1 year ago

What about my bow LeRyan LeWeaver who has dropped 6 SECONDS this year in the 2 back hitting a PB of 1:42.0

Big Dawg
1 year ago

Greta Pelzek from South Carolina also swam a 1:55.77 in the 200 Fly Time Trial which puts her 32nd currently.

Raymond Diator
Reply to  Big Dawg
1 year ago

Why do all these athletes do better at Last Chance Meets, or in Time Trials?

Raymond Diator
Reply to  Braden Keith
1 year ago

The reason has to be less pressure.
As a community, swimming puts way too much emphasis on taper, which (in many cases) boils everything down to 1 meet. Taper no taper swim fast. The great ones could do it in a pool of mud.

Raymond Diator
Reply to  Braden Keith
1 year ago

For many, “taper” becomes a convenient excuse. How often do competitive swimmers say “I missed my taper” or “the coach did not taper me correctly”?The best way to acknowledge a poor performance is to say “I did not swim well”, or “no one’s fault but my own.”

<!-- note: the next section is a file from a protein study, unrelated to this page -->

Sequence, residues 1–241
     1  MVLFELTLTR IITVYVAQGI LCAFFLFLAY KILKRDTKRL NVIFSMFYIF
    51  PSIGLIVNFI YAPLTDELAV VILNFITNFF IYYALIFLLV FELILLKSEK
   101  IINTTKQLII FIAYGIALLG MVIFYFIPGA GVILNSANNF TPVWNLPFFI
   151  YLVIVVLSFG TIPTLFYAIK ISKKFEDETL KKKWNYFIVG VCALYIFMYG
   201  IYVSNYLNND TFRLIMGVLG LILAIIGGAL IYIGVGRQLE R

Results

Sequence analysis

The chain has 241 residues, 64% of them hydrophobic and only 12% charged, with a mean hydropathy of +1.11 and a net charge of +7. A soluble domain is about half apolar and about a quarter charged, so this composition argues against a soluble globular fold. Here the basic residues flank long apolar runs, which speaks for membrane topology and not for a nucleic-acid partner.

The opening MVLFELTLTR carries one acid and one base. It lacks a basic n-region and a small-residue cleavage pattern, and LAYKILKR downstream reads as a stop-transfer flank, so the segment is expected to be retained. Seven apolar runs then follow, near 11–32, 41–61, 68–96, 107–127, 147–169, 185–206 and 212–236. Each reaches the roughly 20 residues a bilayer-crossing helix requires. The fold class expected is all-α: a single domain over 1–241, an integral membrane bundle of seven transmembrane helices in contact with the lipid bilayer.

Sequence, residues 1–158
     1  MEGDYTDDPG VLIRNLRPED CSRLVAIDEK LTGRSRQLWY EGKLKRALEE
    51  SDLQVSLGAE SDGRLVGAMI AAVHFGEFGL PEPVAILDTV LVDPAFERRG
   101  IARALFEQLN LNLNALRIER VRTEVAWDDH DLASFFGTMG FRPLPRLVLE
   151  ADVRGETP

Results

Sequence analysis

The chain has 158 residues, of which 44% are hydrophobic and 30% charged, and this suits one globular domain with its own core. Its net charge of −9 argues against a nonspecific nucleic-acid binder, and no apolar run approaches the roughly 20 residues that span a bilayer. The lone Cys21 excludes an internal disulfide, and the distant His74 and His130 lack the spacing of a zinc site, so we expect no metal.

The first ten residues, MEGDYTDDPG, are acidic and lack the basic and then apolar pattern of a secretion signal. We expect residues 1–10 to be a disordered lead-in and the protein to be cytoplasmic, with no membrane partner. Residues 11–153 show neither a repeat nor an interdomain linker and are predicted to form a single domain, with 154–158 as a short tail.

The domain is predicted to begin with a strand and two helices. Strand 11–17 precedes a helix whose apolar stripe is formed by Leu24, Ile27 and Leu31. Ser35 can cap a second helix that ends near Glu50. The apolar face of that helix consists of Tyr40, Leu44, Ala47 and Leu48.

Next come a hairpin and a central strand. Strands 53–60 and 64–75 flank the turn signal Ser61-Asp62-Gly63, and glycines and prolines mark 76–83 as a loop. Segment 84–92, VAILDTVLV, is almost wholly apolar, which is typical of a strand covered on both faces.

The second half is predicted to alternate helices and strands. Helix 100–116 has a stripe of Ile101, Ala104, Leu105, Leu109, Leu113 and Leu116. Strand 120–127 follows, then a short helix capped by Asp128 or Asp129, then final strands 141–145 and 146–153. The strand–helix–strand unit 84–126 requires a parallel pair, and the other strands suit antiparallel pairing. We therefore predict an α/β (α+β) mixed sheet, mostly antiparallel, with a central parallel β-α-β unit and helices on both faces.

About Braden Keith

Braden Keith

Braden Keith is the Editor-in-Chief and a co-founder/co-owner of He first got his feet wet by building The Swimmers' Circle beginning in January 2010, and now comes to SwimSwam to use that experience and help build a new leader in the sport of swimming. Aside from his life on the InterWet, …